As an Amazon Associate, I earn from qualifying purchases.
If you’ve never tried slow-roasted salmon, don’t wait another minute. Cooking salmon low and slow results in the MOST amazing, succulent texture, and — despite the name — it’s ready in under 20 minutes.
Why we love slow-roasted salmon
Oh, you GUYS. Slow-roasted salmon is an absolute revelation. It’s just as easy as any roasted salmon recipe, and the texture is out of this world. Cooking salmon at a lower temperature allows the fat to melt slowly and infuse the flesh, leaving it impossibly tender and moist.
This salmon is:
- Tender, flaky, and succulent
- Really, really easy
- Quick! It’s ready in under 20 minutes, despite having “slow” in the title
What you’ll need
You’ll need just a few ingredients (and zero fancy ones) to make this easy slow-roasted salmon recipe.
- We always choose wild salmon over farmed salmon. MSC-certified sockeye, coho, and king (chinook) salmon from Alaska are all great choices. You can make this recipe with whole filets or individual portions.
- The skin of slow-roasted salmon won’t get crispy, and you can decide whether you want to eat it. Place the fillets skin-side down for slow-roasting.
- There may be pin bones running down the length of the filet’s thicker side. It’s best to pull these out before cooking (though it’s also easy to miss a few). You can pull them right out with tweezers or with your fingertips.
How to make slow-roasted salmon
This slow-roasted salmon recipe really couldn’t be easier. You can see all the steps in action in the video that accompanies this post.
- Place the salmon skin-side down on a rimmed sheet pan or baking dish. I like to line it with parchment for easy cleanup, but you don’t have to.
- Remove any pin bones and rub the flesh with olive oil.
- Sprinkle the other ingredients evenly over the salmon.
- Slow-roast the salmon for 15 minutes in the center of a 275°F // 135°C oven. The flesh will be soft and tender and less opaque than salmon cooked at a higher temperature.
Expert tips and FAQs
For all of our recipes, we use Alaskan wild salmon for its superior sustainability, nutritional profile, and taste.
You’ll find MSC-certified coho (the mildest), sockeye (brigher-colored with slightly higher fat content, pictured here), and king // chinook salmon available year-round. It’s fresh in season, which is great, and flash-frozen on the boat in the off-season, which is truly also great.
When it’s cooked, slow-roasted salmon will be softer and still a darker pink than salmon cooked at a higher temperature. As soon as the salmon is just barely opaque throughout, it’s done.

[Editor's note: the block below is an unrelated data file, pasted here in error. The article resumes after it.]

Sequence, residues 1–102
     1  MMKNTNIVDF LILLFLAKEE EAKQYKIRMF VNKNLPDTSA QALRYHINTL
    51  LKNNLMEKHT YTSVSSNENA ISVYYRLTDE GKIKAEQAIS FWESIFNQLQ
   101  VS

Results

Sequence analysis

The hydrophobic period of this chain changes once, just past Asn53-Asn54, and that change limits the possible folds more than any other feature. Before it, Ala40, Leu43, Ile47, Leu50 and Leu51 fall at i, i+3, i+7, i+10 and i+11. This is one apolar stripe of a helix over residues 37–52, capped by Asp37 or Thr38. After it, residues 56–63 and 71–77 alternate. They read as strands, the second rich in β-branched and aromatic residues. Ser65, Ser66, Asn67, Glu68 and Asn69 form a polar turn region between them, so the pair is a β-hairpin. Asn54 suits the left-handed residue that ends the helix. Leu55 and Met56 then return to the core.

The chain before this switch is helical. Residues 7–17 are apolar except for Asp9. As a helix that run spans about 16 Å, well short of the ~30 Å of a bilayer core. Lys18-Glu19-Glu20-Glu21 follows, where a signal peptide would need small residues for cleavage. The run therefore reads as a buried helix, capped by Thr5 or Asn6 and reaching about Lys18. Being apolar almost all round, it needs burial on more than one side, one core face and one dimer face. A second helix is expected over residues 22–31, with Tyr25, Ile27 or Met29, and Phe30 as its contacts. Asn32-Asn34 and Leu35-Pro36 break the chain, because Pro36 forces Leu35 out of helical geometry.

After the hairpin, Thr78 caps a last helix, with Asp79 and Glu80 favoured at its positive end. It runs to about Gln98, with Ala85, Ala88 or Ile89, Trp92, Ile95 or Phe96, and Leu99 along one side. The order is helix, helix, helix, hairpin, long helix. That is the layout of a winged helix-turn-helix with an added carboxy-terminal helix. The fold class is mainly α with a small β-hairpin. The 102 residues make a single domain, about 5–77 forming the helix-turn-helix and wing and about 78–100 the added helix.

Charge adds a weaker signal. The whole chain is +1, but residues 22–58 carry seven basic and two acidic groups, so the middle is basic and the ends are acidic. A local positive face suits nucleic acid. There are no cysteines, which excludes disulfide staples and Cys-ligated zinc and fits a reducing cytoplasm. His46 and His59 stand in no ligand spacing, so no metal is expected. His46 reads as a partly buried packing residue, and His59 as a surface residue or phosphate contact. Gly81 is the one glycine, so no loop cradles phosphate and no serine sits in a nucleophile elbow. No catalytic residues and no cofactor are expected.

You can refer to the video and the photo below to see what it looks like. Your mileage may vary (because ovens are crazy, amirite?), but 15 minutes should get you there, give or take.
Sure can! This recipe is great at room temperature, so you can make it a few hours in advance if you’re serving it as part of a buffet.
How to serve slow-roasted salmon
You can make a lovely meal in 20 minutes by adding the following to your slow-roasted salmon, pictured below:
A side of slow-roasted salmon also makes a great addition to a brunch, lunch, or dinner buffet — either warm or at room temperature. Or flake it into a great summer pasta.
Our favorite source for meat
For years, we’ve been sourcing our meat from Butcher Box. We love this curated meat delivery service, which provides grass-finished beef, heritage breed pork, organic chicken, and more from small farms direct to the customer. You can learn more in our extensive Butcher Box review and unboxing.
Butcher Box is a great source for fish, too, which is why I’m tellin ya about it here. They have fabulous wild Alaskan salmon — and sea scallops, too.
- 1 1/2 pounds wild salmon
- 2 tablespoons olive oil
- 1 small shallot, minced
- 2 tablespoons capers, minced
- 2 tablespoons freshly squeezed lemon juice
- Salt and freshly ground black pepper
- Preheat the oven to 275° F // 135° C with a rack in the center.
- Place the salmon skin-side down on a rimmed baking sheet or baking dish. Remove and discard any pin bones.
- Rub the olive oil all over the flesh.
- Sprinkle the salmon evenly with the shallots, capers, lemon juice, and a generous amount of salt and pepper.
- Roast for 15 minutes. Flesh will be just barely opaque in the center, and still quite soft, when it's done.
- Serve warm or at room temperature.
- Wild salmon is the best salmon! Look for MSC-certified Alaskan coho, sockeye, or king // chinook salmon all year round. Fresh in season or previously frozen out of season is 100% fine.
- You can use kitchen tweezers or the tips of your fingers to remove any pin bones. They run down the thick side of the filet, and if there are any, you'll be able to feel them by running your finger along the length of the filet.
- I like to line the sheet pan with parchment for easy cleanup, but you don't have to.
- Keep leftovers tightly sealed in the fridge for up to a week. You can serve leftovers as-is or reimagine them as part of other dishes, from salads to sandwiches to pasta.
Amount Per Serving: Calories: 383Total Fat: 20gSaturated Fat: 4gTrans Fat: 0gUnsaturated Fat: 15gCholesterol: 97mgSodium: 268mgCarbohydrates: 2gFiber: 1gSugar: 1gProtein: 47g